When the court decides the quantum of maintenance to be given by the husband to the wife, it shall not take into consideration deduction such as repayment of loan, rent etc. and shall only calculate deductions from tax or EPF. This was decided in the case of Nitin Sharma Vs. Sunita Sharma & Ors. [C RL.REV.P. 322/2020 & Crl.M.A. 13958/2020 and CRL.REV.P. 374/2020] by Hon’ble Justice Suresh Kumar Kait.
The subject matter of in these petitions is essentially a matrimonial dispute The marriage between the parties was solemnized as per Hindu rites and out this wedlock, two twin boys were born. Due to certain differences, parties started living separately and the two sons are in the custody of wife. The wife claimed she is helpless and unemployed and is totally dependent upon husband for her survival and that for their sons. Dissatisfied with the amount of interim maintenance awarded by the learned Family Court, the wife preferred an application seeking enhancement of interim maintenance and the said application was allowed. The petitioner/husband is seeking quashing of order vide which amount of interim maintenance has been enhanced to Rs.22, 000.
According to husband, the trial court has failed to appreciate that he had been regularly paying ad interim maintenance @Rs.10,000/- per month to his wife, though he himself has been earning Rs.39,560/- per month.. Also, he said that the trial court has also not taken into consideration the amount of rent paid by him. It is stated that in the affidavit of income filed by his wife, she has not shown her expenditures.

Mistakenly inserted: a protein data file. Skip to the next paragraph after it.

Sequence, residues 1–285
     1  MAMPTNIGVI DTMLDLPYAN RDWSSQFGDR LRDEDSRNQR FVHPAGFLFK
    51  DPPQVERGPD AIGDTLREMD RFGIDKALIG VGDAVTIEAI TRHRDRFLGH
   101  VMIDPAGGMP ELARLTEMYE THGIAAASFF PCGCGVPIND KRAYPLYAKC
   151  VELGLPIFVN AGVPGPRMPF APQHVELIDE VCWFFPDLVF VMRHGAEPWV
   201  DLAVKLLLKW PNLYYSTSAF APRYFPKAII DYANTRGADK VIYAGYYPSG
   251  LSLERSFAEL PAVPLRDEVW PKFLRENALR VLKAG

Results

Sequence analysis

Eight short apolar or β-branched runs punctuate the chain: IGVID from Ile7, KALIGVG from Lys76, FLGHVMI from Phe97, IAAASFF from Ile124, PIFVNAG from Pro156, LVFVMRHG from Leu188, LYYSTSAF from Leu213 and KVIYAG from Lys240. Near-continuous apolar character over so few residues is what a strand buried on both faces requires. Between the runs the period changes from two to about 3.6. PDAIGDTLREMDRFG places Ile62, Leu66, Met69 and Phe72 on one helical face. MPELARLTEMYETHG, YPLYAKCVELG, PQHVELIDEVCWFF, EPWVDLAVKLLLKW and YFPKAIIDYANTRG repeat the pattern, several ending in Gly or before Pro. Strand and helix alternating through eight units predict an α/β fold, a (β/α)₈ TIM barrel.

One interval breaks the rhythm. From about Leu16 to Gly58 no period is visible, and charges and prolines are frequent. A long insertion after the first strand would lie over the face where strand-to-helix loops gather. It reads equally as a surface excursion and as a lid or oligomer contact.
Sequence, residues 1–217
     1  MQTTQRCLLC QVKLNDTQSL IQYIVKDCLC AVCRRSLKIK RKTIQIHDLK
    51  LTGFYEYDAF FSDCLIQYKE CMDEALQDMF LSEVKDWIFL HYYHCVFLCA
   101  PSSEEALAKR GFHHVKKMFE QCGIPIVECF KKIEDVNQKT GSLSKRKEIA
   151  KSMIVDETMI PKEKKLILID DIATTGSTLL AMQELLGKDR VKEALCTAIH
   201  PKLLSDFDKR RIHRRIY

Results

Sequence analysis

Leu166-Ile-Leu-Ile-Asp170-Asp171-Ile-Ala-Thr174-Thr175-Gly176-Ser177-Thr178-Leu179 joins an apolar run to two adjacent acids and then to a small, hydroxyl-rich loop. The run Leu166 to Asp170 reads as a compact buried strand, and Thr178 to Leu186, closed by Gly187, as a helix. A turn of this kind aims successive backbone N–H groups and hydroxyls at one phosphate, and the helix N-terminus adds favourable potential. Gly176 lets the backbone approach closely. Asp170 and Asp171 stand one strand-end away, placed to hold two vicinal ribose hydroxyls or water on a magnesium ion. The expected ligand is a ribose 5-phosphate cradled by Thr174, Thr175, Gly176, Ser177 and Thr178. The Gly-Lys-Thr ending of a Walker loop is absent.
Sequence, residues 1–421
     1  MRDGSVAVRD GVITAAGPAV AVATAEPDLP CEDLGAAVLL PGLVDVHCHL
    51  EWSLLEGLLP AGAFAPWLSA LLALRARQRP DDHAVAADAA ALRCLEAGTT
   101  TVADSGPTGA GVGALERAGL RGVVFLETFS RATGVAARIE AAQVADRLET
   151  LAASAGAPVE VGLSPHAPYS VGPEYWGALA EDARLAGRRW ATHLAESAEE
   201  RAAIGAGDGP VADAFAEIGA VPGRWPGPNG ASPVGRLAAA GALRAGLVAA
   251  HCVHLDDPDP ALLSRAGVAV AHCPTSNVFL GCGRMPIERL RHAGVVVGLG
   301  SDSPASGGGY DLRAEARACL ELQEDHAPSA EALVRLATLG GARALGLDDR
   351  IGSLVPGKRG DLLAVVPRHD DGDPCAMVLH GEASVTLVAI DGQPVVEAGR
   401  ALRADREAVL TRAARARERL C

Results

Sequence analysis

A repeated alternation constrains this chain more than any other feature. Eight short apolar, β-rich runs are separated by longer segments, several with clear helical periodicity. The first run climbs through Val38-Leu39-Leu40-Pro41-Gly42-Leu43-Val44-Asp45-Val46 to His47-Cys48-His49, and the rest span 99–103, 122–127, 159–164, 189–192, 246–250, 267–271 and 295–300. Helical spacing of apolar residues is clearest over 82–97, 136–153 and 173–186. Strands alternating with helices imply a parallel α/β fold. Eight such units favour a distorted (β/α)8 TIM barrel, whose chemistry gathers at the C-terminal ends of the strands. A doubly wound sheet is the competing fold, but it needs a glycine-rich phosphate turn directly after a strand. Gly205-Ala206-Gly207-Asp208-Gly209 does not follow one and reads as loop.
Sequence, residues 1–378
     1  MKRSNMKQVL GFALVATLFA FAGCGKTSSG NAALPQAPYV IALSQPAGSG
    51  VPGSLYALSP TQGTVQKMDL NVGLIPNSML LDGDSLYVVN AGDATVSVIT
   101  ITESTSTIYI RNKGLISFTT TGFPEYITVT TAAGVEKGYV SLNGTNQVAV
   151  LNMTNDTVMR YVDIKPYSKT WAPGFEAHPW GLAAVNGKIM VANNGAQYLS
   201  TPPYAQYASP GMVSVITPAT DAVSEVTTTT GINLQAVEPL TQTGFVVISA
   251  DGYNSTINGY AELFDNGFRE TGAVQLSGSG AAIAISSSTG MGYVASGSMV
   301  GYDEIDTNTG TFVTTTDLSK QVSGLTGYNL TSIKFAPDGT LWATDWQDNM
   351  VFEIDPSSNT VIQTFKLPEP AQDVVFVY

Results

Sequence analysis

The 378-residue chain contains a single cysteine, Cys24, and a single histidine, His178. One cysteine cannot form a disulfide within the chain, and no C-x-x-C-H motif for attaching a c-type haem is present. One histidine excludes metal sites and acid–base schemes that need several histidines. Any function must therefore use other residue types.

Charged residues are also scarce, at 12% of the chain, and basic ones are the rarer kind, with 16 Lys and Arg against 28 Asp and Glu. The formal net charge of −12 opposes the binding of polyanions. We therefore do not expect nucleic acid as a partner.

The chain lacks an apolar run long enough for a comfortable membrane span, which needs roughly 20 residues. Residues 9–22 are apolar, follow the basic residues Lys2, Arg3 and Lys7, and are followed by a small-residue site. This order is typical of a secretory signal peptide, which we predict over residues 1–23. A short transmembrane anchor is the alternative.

The stand of wife is that the amount of interim maintenance fixed after it was taken into consideration that husband’s mother was dependent on him. It was further stated that mother of husband is in a good health condition and even otherwise, she is entitled to free medical facilities from Central Railways Hospital. Also, while passing the order the trial court has divided the income of husband into six shares, whereas it should have been actually divided into five shares.
The court said that the trial court has rightly held husband responsible for maintaining his wife and children. The Supreme Court in Sunita Kachwaha Vs. Anil Kachwaha (2014) 16 SCC 715 has held “merely because wife was earning something, would not be a ground to reject her claim for maintenance particularly when proof of her earnings were not placed on record before the courts below.”
The court observed that while calculating the quantum of maintenance, the income has to be ascertained keeping in mind that the deductions only towards income tax and compulsory contributions like GPF, EPF etc. are permitted and no deductions towards house rent, electric charges, repayment of loan, LIC payments etc. are permitted. For this the court relied upon the Supreme Court case of Jasbir Kaur Sehgal Vs. Distt. Judge, Dehradun & Ors [(1997) 7 SCC 7] where it was observed “No set formula can be laid for fixing the amount of maintenance. It has, in the very nature of things, to depend on the facts and circumstances of each case. Some scope for leverage can, however, be always there. The court has to consider the status of the parties, their respective needs, the capacity of the husband to pay having regard to his reasonable expenses for his own maintenance and of those he is obliged under the law and statutory but involuntary payments or deductions”. The case was thus decided in the favour of the wife increasing the amount of maintenance by Rs.4000.